A Novel Method to Investigate Lateral Mixing of Solids in Bubbling Fluidized Beds

Martinez Castilla, G., Chalmers University of Technology
Lundberg, L., Chalmers University of Technology
Pallarès, D., Chalmers University of Technology
Larsson, A., Bioshare AB
Johnsson, F., Chalmers University of Technology
The fluidized bed technology is widely used in a large number of industrial processes due to its high heat and mass-transfer capability. When applied to combustion and gasification of solid fuels, the mixing of solids is of high importance since it controls the mass and heat transfer. Numerous works have been published in the last decades investigating the solids mixing phenomena, in particular with respect to its influence on heat conductivity. However, interpreting and extrapolating results from published data on solids dispersion in fluidized beds is often challenging since data were obtained under different conditions. Moreover, there is a lack of data measured under conditions representative for operation under industrial conditions. Fluid-dynamically down-scaled units can be a cost-efficient tool to perform studies under ambient conditions, while maintaining similar fluid-dynamic properties as under industrial conditions at elevated temperatures.

This work presents a novel experimental method to investigate the lateral mixing in bubbling fluidized beds. The method, which is applied to a fluid-dynamically down-scaled bed, is based on placing a heat source in the bed and monitoring the temperature field over the bed surface with a high-precision thermographic camera placed above the bed. Based on the temperature field recorded by the camera and the heat input into the system, effective heat conductivity values can be computed, which are directly related to the dispersion coefficients of the bed material. With this, the method is used to evaluate lateral mixing of solids under different operational conditions. An adjustable internal division wall is used to estimate how the lateral mixing depends on axial position along the bed height. The division wall provides an adjustable gap between the air-distributor and the division wall allowing particles, and thereby, heat to be transferred in the horizontal direction. Therefore, the axial mixing can be blocked over different parts of the bed height.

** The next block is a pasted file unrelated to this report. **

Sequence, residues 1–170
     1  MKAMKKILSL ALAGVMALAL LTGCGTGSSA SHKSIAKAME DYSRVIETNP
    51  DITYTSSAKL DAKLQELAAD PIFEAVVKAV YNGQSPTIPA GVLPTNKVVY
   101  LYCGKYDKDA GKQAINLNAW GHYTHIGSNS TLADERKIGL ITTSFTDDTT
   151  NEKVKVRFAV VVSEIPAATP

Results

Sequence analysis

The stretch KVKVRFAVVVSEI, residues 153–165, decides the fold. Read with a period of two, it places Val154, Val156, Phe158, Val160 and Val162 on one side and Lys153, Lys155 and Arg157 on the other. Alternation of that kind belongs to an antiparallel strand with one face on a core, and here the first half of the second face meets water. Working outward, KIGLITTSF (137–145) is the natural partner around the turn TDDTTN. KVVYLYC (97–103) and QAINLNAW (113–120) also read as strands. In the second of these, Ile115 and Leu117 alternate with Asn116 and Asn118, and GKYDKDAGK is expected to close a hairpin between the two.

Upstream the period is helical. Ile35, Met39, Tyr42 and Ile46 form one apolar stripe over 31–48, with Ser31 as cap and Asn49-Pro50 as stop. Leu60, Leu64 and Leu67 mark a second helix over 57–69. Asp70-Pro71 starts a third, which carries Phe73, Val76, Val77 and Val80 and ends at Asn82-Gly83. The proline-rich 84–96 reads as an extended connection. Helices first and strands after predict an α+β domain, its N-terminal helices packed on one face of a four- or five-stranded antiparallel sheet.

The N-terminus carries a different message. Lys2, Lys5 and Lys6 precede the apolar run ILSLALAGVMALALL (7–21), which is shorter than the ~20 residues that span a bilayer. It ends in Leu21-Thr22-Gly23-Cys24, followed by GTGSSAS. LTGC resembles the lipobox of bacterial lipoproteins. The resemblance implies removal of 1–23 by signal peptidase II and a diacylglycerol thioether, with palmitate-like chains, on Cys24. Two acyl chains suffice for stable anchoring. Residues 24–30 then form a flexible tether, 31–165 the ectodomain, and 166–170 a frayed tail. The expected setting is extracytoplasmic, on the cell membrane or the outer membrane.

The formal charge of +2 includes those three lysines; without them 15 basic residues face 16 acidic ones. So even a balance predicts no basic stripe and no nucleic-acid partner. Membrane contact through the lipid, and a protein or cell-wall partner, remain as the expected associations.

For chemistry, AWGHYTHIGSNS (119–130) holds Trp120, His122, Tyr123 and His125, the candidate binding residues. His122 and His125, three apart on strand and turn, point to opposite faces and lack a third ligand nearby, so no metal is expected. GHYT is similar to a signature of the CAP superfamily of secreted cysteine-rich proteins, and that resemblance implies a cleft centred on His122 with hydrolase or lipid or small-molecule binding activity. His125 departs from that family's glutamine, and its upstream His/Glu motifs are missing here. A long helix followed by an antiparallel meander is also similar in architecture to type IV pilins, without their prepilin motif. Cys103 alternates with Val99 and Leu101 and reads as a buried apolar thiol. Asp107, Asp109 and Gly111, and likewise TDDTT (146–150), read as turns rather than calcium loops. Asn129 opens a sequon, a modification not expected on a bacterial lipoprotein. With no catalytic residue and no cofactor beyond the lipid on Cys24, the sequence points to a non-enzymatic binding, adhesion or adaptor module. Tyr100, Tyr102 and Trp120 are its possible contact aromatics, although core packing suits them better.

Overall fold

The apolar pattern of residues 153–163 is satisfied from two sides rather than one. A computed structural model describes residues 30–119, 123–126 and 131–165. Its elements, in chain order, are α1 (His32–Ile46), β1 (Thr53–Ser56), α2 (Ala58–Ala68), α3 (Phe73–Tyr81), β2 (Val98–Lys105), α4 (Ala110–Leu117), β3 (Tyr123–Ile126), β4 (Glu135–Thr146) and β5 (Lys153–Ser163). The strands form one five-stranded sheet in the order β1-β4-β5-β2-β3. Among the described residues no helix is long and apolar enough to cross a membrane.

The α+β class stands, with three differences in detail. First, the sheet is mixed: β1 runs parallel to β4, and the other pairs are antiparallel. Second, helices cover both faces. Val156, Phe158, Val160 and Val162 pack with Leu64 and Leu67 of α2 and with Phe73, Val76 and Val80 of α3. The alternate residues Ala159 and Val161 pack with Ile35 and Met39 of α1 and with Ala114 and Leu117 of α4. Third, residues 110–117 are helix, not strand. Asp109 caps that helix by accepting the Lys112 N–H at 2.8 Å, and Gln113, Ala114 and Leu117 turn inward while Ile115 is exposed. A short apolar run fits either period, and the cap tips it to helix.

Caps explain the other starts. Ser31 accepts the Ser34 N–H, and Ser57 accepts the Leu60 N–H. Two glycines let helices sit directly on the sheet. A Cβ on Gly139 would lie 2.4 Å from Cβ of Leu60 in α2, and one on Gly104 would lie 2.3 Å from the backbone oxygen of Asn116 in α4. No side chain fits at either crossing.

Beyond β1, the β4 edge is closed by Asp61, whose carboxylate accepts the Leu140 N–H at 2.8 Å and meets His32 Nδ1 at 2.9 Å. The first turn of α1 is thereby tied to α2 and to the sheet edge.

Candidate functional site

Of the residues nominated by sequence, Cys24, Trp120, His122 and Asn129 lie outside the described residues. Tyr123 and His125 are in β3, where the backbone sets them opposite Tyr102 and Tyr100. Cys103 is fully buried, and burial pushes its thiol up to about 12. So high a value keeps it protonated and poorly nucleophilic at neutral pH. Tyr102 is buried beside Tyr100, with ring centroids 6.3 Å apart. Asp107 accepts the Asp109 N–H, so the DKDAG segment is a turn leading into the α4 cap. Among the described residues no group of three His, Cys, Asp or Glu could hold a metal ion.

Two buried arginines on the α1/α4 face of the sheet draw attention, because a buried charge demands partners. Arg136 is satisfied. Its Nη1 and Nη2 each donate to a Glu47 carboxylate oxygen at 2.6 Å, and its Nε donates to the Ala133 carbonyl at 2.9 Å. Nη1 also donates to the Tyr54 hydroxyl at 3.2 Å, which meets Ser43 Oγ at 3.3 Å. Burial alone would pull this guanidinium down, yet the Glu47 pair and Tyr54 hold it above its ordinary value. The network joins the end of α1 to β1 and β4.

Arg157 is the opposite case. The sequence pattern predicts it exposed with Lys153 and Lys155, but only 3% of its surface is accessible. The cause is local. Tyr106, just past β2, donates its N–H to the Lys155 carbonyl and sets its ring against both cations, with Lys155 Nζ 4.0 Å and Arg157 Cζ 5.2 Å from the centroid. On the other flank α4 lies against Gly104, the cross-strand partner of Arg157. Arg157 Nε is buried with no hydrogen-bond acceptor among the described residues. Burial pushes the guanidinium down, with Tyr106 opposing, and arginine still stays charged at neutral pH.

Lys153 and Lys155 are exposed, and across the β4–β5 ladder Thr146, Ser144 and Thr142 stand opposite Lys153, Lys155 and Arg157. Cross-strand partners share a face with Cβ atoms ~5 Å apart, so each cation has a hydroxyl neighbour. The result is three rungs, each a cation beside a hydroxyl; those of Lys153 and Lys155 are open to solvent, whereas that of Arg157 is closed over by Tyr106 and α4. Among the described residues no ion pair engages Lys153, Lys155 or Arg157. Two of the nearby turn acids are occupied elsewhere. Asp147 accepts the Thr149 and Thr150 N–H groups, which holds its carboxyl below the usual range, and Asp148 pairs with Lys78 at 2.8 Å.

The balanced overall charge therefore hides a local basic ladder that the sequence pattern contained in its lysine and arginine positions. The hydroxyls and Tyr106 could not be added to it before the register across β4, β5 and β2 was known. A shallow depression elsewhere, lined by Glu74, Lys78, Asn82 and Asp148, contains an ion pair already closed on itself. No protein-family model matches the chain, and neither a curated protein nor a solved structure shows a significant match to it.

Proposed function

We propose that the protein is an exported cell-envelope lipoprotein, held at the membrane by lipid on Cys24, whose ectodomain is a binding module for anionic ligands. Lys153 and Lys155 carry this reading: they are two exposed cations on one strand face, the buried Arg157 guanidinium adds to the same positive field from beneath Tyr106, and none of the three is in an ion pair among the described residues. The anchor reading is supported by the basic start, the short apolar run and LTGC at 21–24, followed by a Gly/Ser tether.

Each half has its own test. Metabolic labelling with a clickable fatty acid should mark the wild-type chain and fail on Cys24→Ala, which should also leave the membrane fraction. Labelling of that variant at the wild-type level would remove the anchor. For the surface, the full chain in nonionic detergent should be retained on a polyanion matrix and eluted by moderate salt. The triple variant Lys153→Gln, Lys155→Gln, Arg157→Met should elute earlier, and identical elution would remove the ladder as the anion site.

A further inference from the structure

The fluid-dynamically down-scaled model used for the experiments resemble the bed of the Chalmers 12 MW boiler. The bed has a cross sectional area of 0.26m x 0.26m and consists of 60-μm bronze particles fluidized with ambient air, applying a bed height of 0.11 m. The bed is operated without the division wall and with the division wall applying gap heights of 0.02 m, 0.05 m and 0.11 m. The fluidization velocities range from 3 to 5 times the minimum fluidization velocity using two different air distributors with different pressure drop.

The results show that the lateral solids dispersion coefficients in the bed operated without division wall fall within the order of magnitude of values reported in literature, which is considered to validate the method presented in this paper. The dispersion coefficient increases with fluidization velocity in agreement with previous findings. Applying the division wall, it is seen that the dispersion coefficient is reduced with reduced gap between air distributor and division wall, i.e. there is an axial dependence in the lateral solids mixing.